Fuel Consumption - K-Bikes.com - Excellence in Motion
 
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post #1 of 6 (permalink) Old Dec 28th, 2005, 3:38 am Thread Starter
 
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Question Fuel Consumption

Under similar conditions, should I expect gas mileage to decrease a bit in the winter? I generally ride through the whole year, down into the teens, and notice she uses a bit more fuel. Still runs great but enjoys a little more of the premium. Comments??
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post #2 of 6 (permalink) Old Dec 28th, 2005, 4:03 am
 
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Scientifically.... Yes
As the air gets colder, its density increases... this has two results...
Firstly, the engine recieves more Oxygen, therefore it can dispense more fuel to get more power... upside, More power... downside, more premium
Secondly, denser air provides more wind resistance, thus more power is needed to thrust the bike through the air... Power comes from fuel ....
On the up-side... an engine derives it's power from the expansion of air in the combustion chamber... cooler air entering the engine means a more efficient combustion cycle, so the engine will run more efficiently.
How you ride will determine how these effect your fuel consumption... but generally one can expect a higher overall fuel consumption....
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post #3 of 6 (permalink) Old Dec 28th, 2005, 6:40 am
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I think I actually get better fuel consumption because I ride slower, less often and more carefully due to variations on road surface conditions.

Fuel injection atomises liquid petrol. Cold denser fuels and engine can produce larger drops in the injection spray pattern and richer mixtures reducing combustion efficiency. Also the motor will be running richer for longer until the ECU picks up the design engine temperature to lean off the mix. Very cold water in the jackets and rads will also take longer to reach normal operating temperature. My temperature guage consistently reads a bit lower in Winter but I think this is down to the rad sizes, coolant volumes and thermostat bypass effectiveness. The inlet air temperature sensor should also be compensating for cold air. I'd expect compensation to be towards rich rather than lean, because poor combustion with a weak mixture usually produces erratic idle and stalling which we'd all notice. Driving the bike regularly from a heated garage on really cold mornings might be interesting. How does the motor run in the first few minutes?



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post #4 of 6 (permalink) Old Dec 28th, 2005, 11:07 am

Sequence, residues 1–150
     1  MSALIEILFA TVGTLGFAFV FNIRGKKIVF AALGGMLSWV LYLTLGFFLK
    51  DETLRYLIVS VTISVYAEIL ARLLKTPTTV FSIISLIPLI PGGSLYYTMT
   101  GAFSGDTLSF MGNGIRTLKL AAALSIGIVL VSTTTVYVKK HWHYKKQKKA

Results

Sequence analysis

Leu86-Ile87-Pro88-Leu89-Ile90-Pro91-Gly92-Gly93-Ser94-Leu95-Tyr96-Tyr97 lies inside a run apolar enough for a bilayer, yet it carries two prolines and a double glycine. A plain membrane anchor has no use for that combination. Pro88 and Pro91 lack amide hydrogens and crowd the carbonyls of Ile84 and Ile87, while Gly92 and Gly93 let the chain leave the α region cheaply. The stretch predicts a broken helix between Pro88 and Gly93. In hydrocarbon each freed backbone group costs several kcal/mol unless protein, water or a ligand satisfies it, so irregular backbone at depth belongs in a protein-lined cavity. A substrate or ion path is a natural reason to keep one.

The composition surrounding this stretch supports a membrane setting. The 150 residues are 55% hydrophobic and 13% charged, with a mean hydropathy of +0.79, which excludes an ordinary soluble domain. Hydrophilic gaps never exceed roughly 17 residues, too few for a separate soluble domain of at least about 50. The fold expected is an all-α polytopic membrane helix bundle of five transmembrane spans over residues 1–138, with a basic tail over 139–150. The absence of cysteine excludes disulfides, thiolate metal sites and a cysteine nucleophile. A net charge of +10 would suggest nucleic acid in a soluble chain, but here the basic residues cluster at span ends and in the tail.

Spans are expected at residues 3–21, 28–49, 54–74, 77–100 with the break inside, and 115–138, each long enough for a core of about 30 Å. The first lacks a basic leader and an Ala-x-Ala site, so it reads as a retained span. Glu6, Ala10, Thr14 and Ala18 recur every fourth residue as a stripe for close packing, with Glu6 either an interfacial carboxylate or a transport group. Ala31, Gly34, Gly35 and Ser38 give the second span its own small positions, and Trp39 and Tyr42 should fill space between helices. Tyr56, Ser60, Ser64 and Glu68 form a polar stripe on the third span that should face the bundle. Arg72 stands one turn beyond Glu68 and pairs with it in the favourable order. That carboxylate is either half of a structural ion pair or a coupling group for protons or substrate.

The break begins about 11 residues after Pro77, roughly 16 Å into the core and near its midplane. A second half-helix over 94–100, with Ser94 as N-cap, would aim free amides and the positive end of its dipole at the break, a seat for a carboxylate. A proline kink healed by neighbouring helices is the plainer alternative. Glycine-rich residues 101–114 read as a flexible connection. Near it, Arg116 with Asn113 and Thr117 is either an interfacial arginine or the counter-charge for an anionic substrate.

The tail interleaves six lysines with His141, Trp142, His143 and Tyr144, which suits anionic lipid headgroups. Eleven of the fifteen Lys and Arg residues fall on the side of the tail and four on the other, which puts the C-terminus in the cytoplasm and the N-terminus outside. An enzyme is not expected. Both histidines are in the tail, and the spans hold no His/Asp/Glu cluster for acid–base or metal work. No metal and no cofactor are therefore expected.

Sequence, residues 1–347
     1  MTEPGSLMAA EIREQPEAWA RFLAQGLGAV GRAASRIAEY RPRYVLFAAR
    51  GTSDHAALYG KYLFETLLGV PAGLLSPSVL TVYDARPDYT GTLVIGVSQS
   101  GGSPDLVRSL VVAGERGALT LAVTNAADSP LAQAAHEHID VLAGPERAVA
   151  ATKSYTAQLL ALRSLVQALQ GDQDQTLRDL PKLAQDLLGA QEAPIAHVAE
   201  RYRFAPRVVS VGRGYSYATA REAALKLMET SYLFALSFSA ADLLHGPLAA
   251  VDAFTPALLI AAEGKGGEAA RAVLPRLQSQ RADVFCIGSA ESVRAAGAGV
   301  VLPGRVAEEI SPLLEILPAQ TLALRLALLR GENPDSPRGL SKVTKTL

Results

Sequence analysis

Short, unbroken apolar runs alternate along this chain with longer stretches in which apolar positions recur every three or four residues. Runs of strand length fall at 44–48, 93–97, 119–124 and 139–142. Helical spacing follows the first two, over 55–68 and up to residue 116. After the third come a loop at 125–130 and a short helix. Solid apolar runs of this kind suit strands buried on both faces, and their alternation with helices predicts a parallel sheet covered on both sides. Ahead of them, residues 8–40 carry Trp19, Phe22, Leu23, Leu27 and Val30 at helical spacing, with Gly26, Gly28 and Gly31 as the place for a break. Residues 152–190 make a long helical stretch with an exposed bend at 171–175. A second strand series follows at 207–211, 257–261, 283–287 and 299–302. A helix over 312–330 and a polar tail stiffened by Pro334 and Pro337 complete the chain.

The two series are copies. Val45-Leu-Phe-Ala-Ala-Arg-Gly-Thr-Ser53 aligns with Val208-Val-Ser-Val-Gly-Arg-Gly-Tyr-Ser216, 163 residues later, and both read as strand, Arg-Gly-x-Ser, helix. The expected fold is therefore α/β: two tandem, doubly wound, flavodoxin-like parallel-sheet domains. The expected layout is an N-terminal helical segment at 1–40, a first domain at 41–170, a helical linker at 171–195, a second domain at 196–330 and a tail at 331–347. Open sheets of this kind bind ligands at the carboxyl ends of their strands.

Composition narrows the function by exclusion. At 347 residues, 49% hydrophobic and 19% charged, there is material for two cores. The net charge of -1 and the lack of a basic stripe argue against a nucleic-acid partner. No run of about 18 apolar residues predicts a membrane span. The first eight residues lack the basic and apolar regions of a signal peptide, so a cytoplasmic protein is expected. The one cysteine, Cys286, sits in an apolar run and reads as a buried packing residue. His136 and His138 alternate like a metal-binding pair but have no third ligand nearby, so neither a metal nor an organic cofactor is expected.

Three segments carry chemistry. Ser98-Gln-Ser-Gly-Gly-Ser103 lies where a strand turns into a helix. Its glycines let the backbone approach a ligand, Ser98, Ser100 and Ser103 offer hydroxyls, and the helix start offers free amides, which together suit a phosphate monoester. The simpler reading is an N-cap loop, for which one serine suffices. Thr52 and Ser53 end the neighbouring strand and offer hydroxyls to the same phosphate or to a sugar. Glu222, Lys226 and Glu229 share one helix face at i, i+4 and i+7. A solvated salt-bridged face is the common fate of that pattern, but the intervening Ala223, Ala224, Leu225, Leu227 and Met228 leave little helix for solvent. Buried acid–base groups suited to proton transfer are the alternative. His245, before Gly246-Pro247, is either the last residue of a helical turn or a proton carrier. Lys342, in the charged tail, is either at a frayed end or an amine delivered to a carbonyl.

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Quote:
Originally Posted by voxmagna
I think I actually get better fuel consumption because I ride slower, less often and more carefully due to variations on road surface conditions.

Fuel injection atomises liquid petrol. Cold denser fuels and engine can produce larger drops in the injection spray pattern and richer mixtures reducing combustion efficiency. Also the motor will be running richer for longer until the ECU picks up the design engine temperature to lean off the mix. Very cold water in the jackets and rads will also take longer to reach normal operating temperature. My temperature guage consistently reads a bit lower in Winter but I think this is down to the rad sizes, coolant volumes and thermostat bypass effectiveness. The inlet air temperature sensor should also be compensating for cold air. I'd expect compensation to be towards rich rather than lean, because poor combustion with a weak mixture usually produces erratic idle and stalling which we'd all notice. Driving the bike regularly from a heated garage on really cold mornings might be interesting. How does the motor run in the first few minutes?
What in the hell is petrol?
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post #5 of 6 (permalink) Old Dec 28th, 2005, 1:02 pm
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fuel consumption in colder weather

All this sounds verry scientific and I am sure that it all has a real effect on gas mileage.

BUT, and a very big but, the gas [petrol??] companies change the formula of their product at different times of the year and this will have the biggest affect on your mileage. In my state, [north carolina] the past several years, oxigenated [sp?] gas has been mandated for the colder months and results in about a 10% drop in fuel mileage.

I suspect that the blend from the gas coompanies will have the giggest affect on your mileage.

bert brumfield
kernersville, NC
1998 K1200RS [TAXI],
2007 K1200 R-SPORT
207 k1200GT
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post #6 of 6 (permalink) Old Dec 29th, 2005, 11:05 pm
 
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Quote:
Originally Posted by bertbrumfield
All this sounds verry scientific and I am sure that it all has a real effect on gas mileage.

BUT, and a very big but, the gas [petrol??] companies change the formula of their product at different times of the year and this will have the biggest affect on your mileage. In my state, [north carolina] the past several years, oxigenated [sp?] gas has been mandated for the colder months and results in about a 10% drop in fuel mileage.

I suspect that the blend from the gas coompanies will have the giggest affect on your mileage.
I like this answer best. Oxygenates have fewere BTU's (energy) than normal gasoline components, thus the same gallon of gas has less energy. Your bike is using the same energy, it just takes slightly more volume to supply that energy.

Ron
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